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Francisco Gallego

Scientific Director, J-PAL Latin America & the Caribbean
Associate Professor Pontificia Universidad Católica de Chile

Francisco Gallego holds a Ph.D. in Economics from MIT. He is Associate Professor in the Economics Institute of the Pontificia Universidad Católica de Chile (PUC). His areas of interest are development economics, political economy, and the economics of education. He has worked on educational evaluations focused on the impact of information on parents’ decisions. He is the Scientific Director of J-PAL LAC.

Featured Affiliate Interview

In a sense, doing development is analogous to an MD working in an ER or in an ICU: you need to master a set of different types of tools in order to “treat” your patients that come with urgent needs.

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What got you interested in development economics?

I think two different things. First, I come from Chile, a country with many contrasts. For instance, we have relatively high growth rates but a lot of poverty and inequality, so the typical questions of development economics were in my mind since I started studying economics as an undergrad. Next, when I got to do grad studies what I think really got me interested in development is the challenges you faces in order to answer the relevant questions of the field. In a sense, doing development is analogous to an MD working in an ER or in an ICU: you need to master a set of different types of tools in order to “treat” your patients that come with urgent needs. In a sense, in development economics you need to understand several groups of theories and also do empirics at a highly sophisticated level if you really want to make a contribution to the field. You need to master theory and empirics, macro and micro models, neo-classical and behavioral economics models, just to mention a few “contrasts.” This is intellectually challenging and also a continuous source of fun!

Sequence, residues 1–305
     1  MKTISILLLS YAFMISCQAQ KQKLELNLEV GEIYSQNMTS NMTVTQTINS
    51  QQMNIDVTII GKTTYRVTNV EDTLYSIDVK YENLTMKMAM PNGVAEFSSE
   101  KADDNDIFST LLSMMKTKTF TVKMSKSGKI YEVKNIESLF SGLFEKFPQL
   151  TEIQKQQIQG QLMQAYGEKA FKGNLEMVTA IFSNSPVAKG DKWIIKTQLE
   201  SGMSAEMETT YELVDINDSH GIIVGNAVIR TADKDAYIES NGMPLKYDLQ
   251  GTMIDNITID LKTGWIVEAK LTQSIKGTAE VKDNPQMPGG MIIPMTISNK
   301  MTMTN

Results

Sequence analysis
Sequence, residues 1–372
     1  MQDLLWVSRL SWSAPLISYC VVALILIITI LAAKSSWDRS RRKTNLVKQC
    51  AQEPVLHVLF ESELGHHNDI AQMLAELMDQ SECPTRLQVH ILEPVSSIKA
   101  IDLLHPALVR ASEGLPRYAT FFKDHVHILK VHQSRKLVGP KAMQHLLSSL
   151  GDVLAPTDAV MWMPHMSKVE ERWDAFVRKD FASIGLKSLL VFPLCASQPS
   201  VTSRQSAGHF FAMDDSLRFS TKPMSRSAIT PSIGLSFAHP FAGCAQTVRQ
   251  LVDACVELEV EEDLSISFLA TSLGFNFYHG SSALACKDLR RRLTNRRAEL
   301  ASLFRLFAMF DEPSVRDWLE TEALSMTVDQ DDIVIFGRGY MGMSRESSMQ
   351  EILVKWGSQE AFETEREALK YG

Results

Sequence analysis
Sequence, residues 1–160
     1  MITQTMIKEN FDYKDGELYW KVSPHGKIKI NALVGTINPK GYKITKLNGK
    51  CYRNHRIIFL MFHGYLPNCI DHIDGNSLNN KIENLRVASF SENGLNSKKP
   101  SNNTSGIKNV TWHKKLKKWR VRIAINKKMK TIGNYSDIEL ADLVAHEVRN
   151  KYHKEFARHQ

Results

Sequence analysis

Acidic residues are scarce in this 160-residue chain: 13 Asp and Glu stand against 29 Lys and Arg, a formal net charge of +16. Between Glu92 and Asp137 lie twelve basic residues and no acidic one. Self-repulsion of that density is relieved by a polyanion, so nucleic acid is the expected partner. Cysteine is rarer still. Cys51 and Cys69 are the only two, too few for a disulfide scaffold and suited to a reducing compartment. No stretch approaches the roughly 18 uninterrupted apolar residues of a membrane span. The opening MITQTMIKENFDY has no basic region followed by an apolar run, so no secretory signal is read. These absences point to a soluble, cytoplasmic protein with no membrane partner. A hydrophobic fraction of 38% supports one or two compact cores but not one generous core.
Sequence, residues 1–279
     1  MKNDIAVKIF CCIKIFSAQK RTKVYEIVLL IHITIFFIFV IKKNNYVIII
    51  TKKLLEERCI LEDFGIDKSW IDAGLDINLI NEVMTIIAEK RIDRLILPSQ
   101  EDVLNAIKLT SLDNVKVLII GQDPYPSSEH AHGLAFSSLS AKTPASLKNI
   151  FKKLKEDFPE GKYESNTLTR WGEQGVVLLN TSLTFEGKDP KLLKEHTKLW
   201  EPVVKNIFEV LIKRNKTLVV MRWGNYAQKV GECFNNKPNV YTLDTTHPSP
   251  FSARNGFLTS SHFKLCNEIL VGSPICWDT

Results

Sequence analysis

What is one current research project that you're particularly excited about?

I am working in a project (jointly with Ofer Malamud and Kiki Pop-Eleches) on computer and internet use and parental involvement and monitoring in Chile. Several previous papers show that just giving out computers to kids may actually create adverse effects on their learning and other dimensions. What is interesting is that some of these papers show in non-experimental ways that the adverse effects of computers seem to go away when parents are involved and, for instance, there are rules in the families in terms of kids’ behavior. For instance, my coauthors show exactly that in a previous paper published in the Quarterly Journal of Economics.

So we set up an experimental evaluation in the context of a big government program in Chile in which we study whether informing parents on how much the kids use internet and providing monitoring tools affect internet use. This is related to asymmetric information problems between parents and children and can also help us understand also the frictions that are relevant within families. As we have a really big sample, we also tested several ways of delivering the messages to families in order to learn more about behavioral biases. We are starting to get the results and we hope to have soon a version of the paper.